HOW TO CHOOSE A SCRATCHING POST
(Strictly Somerset, January 1998)
The list of supplies one needs when adopting a new cat or kitten can be staggering. Food, litter, toys, bed, scratching post, nail clippers, grooming brush… it's overwhelming! Just shopping for a scratching post, for example, means confronting dozens of sizes, shapes, and materials. When choosing this important accessory, learning to think like a cat can make things a little easier.
A scratching post is essential for any healthy, well-adjusted cat. Cats must have an outlet for their urge to scratch, so providing a post for that purpose can save your furniture, drapery and carpeting from destruction. Cats also use their scratching post for stretching and exercise, so obtaining a suitable post is vital to a cat's health and wellbeing.
All cats have claws on their front and rear paws. The rear ones are primarily for itching and for climbing, while front claws help a cat catch and hold on to prey. Both front and rear claws can also be used as defense if necessary.
Like human fingernails, cat claws continue to grow throughout a cat's life and need regular attention. Most cats take care of this themselves, by using their teeth to pull at their rear claw sheaths, revealing the sharp new claws underneath. For their front claws, it's easier to hook their claws in some material and pull downward, pulling off the old sheaths to expose the new claws.
Outdoor cats typically use tree stumps or wooden fenceposts to sharpen their front claws. If a cat has spent any time outside he may enjoy a scratching post of wood to remind him of the great outdoors. Some enterprising cat lovers bring firewood or small stumps indoors for their cat's pleasure, while others purchase scratching posts constructed of natural logs.
Another material of choice is corrugated cardboard. Economical cardboard posts are easy to replace and appeal to many cats. Usually they lie flat on the floor and may come with a toy attached to entice kitty to scratch at them. Since many cats enjoy cardboard posts and they're often quite inexpensive, first-time cat owners often start with this option before graduating to more elaborate and pricey cat furniture.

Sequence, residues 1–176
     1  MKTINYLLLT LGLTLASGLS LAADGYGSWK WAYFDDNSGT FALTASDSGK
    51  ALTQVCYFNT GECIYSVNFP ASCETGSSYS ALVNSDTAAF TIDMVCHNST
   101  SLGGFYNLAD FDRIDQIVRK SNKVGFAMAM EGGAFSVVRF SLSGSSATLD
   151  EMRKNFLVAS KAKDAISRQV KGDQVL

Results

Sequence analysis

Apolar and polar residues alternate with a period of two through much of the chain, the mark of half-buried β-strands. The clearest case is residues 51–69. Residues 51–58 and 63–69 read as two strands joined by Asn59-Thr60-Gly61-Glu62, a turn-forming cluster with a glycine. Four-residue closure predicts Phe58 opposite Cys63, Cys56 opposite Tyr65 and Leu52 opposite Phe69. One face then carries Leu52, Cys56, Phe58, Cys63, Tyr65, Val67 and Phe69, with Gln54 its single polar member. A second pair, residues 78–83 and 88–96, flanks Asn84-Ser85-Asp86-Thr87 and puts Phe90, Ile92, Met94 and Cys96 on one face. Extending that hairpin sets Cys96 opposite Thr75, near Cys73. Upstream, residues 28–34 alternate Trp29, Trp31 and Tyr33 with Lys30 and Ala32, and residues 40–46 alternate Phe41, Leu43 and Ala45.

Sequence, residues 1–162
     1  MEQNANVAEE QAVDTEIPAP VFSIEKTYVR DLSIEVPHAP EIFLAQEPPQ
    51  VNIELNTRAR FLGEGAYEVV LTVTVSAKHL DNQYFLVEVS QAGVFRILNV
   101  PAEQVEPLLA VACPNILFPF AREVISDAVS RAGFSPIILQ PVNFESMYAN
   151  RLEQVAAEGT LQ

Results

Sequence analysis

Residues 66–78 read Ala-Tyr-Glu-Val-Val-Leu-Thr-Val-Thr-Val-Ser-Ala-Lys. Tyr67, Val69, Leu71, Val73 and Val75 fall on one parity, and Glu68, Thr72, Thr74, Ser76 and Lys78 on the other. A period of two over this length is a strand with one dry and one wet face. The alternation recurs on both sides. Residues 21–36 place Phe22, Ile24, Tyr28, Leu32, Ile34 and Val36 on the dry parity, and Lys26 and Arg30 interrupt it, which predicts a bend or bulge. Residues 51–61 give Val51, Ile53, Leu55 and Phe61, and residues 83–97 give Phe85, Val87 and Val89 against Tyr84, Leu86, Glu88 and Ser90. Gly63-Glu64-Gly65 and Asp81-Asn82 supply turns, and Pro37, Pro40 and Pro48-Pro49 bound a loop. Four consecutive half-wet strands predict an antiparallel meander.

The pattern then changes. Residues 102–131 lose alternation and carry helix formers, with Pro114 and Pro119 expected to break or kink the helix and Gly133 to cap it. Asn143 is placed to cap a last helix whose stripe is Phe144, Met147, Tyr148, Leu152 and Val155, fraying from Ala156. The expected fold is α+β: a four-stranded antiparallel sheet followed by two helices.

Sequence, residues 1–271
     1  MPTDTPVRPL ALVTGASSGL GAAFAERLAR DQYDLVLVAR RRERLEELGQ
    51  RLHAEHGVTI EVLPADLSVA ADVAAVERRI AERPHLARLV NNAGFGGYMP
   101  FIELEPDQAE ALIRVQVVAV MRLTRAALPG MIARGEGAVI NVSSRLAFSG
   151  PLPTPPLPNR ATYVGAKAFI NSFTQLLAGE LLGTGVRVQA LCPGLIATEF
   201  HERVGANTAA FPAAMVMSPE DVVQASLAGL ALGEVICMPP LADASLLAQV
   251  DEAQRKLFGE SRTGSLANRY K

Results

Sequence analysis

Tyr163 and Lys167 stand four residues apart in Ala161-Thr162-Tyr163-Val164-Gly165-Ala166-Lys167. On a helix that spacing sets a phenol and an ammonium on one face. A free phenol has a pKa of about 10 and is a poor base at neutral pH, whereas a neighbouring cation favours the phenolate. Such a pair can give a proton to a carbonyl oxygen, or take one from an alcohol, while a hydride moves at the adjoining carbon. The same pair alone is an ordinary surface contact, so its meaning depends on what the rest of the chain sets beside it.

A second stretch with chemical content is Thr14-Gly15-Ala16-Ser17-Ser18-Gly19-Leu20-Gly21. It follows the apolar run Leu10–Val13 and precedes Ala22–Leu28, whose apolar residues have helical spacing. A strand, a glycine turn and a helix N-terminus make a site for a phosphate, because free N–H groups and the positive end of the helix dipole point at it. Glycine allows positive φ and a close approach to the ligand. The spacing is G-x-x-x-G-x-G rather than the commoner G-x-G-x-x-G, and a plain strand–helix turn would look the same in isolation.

A post covered with rough sisal rope is another popular option. The sisal accomplishes the same purpose as tree bark outside – it catches the front claws so the cat can pull downward and release the sheath to expose the new claw underneath. Sisal posts do cost a bit more than disposable cardboard ones, but they're durable and last for years before they need replacement. Many cats enjoy using posts covered in sisal.
Some scratching posts sold in stores are covered with carpeting. While the carpet accomplishes the same purpose as sisal, it often resembles the carpeting found on staircases and floors in homes. Some cats may not make a distinction between the carpet on their scratching post and that in the rest of the house. These cats often pull at carpeted stairs and floors, and usually benefit from a switch to a post made from a different material.
To most cats, the sturdiness and stability of a scratching post matters even more than the material of construction. Cats put a lot of energy into sharpening their claws, and they can't scratch with gusto if the post won't stay upright. A wood or sisal post must be attached to a sturdy base that won't wobble when the cat's scratching. A wobbly post may also be nailed onto a larger base for more stability. Cardboard posts that lie flat on the floor should be large enough for the cat to stand on them and scratch at the same time.
Another factor to consider is the height of the post. Cats reach upward and pull down against the post, so a cat's post should be at least half again as tall as he is to allow him to stretch. The taller and more sturdy the post, the greater the chance of a cat preferring the post to a couch or armchair.
Lastly, placement of the scratching post in a home plays a role in a cat's acceptance of the post. Outdoor cats scratch prominent markers in their territory, leaving both scent and visual warnings for other feline intruders. For the same reason, many cats who scratch furniture choose a prominent chair arm or table leg, so anyone entering the room or home will know immediately whose territory they're in. Placing a scratching post in a prominent location in the most used room in the house, even directly in front of the piece of furniture the cat has shown a preference for, will often encourage the cat to scratch the post to mark his territory.
Whether cardboard, wood, or sisal, vertical or horizontal, simple or elaborate, an effective scratching post exists to satisfy every demanding cat and owner. Choosing a post to please your cat can be an adventure, with vigorous scratching and purring the reward.
By Shelley Wester
Open Your Heart